No, you can't have a relay switch or a controller switch without a neutral. At least not unless the switch has a separate power source like batteries. If you have X10 now, you could always use the X10 "Slim Line" switch which is a battery powered "stick on the wall" RF switch.

#7 etc6849

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Posted 31 March 2011 - 10:46 AM

I tried the X10 slim switches once, but wasn't impressed with their RF range. Many times when I hit the off button the lights would stay on. I ended up switching to a Leviton ViziaRF+ (z-wave) install and like it a lot.

#8 hagak

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Posted 31 March 2011 - 12:13 PM

No, you can't have a relay switch or a controller switch without a neutral. At least not unless the switch has a separate power source like batteries. If you have X10 now, you could always use the X10 "Slim Line" switch which is a battery powered "stick on the wall" RF switch.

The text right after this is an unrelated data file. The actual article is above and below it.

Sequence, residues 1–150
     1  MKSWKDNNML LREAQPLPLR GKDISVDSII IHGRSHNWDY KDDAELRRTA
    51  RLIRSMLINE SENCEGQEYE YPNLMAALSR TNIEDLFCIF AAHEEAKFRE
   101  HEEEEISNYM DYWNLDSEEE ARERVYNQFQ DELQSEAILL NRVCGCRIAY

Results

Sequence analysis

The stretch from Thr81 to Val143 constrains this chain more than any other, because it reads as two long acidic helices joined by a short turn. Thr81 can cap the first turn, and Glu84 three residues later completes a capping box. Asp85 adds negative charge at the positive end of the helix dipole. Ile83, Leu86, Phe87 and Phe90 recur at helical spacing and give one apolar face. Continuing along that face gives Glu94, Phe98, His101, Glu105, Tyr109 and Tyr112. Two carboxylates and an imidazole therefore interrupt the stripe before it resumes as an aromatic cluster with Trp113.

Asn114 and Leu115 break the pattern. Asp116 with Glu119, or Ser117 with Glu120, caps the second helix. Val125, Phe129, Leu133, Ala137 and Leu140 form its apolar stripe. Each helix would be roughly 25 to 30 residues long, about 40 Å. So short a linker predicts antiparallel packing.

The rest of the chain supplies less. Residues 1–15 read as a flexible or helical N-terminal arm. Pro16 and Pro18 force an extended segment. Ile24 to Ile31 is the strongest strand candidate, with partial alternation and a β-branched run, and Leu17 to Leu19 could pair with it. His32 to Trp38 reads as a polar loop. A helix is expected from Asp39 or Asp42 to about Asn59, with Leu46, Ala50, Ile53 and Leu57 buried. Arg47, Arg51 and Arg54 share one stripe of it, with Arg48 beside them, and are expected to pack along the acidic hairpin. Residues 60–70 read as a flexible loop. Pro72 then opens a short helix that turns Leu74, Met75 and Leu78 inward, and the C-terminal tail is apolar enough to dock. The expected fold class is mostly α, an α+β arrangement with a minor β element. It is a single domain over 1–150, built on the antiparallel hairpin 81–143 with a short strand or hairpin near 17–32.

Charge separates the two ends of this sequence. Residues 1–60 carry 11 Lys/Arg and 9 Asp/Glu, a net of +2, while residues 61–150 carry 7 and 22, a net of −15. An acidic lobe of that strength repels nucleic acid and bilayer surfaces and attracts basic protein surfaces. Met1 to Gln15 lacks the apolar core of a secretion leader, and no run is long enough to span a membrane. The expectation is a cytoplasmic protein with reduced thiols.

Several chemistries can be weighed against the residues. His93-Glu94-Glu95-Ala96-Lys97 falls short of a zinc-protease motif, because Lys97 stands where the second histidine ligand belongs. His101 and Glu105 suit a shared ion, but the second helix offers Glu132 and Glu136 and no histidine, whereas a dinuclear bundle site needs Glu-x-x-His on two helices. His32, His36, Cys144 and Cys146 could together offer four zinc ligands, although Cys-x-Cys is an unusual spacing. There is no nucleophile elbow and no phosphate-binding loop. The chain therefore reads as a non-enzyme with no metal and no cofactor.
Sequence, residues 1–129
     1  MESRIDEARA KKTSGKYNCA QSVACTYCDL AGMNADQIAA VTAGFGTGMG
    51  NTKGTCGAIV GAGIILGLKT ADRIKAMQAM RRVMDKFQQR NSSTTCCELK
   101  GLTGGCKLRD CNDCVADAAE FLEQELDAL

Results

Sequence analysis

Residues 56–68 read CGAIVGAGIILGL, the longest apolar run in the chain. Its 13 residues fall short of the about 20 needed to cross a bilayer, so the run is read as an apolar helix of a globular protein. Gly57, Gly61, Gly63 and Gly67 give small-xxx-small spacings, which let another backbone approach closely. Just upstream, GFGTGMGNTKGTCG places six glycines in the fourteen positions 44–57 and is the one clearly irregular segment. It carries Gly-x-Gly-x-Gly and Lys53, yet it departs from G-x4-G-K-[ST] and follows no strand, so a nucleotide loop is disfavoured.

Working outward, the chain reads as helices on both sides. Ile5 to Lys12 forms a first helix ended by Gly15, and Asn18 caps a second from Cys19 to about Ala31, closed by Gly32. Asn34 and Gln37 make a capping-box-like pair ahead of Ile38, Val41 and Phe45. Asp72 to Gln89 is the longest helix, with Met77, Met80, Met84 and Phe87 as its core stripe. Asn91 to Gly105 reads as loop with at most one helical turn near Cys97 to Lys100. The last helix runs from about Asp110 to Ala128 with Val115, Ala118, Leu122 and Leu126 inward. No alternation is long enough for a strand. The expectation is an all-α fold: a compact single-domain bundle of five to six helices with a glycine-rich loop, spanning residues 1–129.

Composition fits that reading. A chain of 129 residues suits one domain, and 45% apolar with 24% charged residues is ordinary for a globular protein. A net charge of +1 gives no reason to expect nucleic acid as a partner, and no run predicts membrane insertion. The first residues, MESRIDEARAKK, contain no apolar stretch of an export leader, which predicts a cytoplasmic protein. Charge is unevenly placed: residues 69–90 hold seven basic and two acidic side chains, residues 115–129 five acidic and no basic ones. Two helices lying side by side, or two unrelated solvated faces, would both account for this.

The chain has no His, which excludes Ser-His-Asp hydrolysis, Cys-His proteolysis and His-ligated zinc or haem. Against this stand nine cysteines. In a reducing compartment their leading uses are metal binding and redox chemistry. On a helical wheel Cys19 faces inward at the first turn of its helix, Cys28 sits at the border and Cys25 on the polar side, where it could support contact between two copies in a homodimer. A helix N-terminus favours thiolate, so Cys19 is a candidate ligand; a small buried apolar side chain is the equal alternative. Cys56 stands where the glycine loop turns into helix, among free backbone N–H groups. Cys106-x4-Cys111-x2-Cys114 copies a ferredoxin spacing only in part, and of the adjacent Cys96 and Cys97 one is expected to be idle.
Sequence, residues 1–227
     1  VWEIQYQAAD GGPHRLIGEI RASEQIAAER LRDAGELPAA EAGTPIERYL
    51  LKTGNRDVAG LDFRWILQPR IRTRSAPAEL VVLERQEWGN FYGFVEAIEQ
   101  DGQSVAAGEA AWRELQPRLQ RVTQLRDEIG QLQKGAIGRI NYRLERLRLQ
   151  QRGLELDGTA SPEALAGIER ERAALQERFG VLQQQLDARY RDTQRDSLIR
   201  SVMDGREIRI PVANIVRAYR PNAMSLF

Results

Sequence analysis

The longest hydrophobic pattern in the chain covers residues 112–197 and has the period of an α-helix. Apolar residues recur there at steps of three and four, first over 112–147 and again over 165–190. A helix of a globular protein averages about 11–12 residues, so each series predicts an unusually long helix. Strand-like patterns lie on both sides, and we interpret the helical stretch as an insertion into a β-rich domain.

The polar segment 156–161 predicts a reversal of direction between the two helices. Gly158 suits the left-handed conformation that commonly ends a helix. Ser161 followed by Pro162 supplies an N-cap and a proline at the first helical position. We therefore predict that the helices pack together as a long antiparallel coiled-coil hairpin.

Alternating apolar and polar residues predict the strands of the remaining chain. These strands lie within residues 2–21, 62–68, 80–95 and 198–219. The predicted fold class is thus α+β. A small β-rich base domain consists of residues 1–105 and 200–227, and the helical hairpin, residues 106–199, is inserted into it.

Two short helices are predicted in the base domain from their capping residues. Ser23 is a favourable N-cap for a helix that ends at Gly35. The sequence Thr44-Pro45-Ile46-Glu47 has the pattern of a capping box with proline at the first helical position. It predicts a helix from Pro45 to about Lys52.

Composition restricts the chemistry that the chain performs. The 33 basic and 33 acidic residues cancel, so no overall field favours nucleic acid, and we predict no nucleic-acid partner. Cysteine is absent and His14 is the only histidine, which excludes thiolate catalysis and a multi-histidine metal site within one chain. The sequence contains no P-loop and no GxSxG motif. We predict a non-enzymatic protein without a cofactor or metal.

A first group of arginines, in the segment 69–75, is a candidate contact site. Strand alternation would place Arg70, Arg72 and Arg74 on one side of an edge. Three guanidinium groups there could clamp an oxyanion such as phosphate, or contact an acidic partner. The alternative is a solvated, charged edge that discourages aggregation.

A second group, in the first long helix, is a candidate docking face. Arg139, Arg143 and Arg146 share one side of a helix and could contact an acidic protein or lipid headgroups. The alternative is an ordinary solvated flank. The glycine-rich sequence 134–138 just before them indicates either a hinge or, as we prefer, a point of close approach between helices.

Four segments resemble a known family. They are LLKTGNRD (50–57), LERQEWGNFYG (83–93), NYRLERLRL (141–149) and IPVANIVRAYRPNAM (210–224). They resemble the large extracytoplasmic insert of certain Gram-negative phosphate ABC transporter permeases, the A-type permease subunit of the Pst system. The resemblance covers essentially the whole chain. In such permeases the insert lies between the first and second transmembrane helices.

Yeah I actually have a few of the slim line switches. Only concern is reliability of the signal. I had to abandon my X10 setup after I got married because it was not reliable enough for my wife, so any HA stuff I do needs to just work otherwise the person with the finances see it as a negative that costs money which is very bad for me.

#9 hagak

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Posted 31 March 2011 - 12:42 PM

Just had a thought. If I do NOT want the switch box to actually electrical switch the outlets anymore but just needed power couldn't I rewire the wire going to the switch box to have both neutral and hot by changing how it is wired at the switched outlet? Then the switched outlet would no longer be switched and the switch box would now have power so that I could use a controller there.

Any issues with this idea?

1. Issue I do see is someone could come along and replace the control with a standard switch not realizing that the lines are no longer Hot and Load, but are now Hot and Neutral and the switch would now be a quick way to test your circuit breaker :).

#10 Lou Apo

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Posted 31 March 2011 - 03:47 PM

Do you have attic above or basement/crawl space below? Truly your best bet is to get neutrals to your boxes and getting to the boxes is a PITA, but doable, especially if you have attic/basement access to the walls.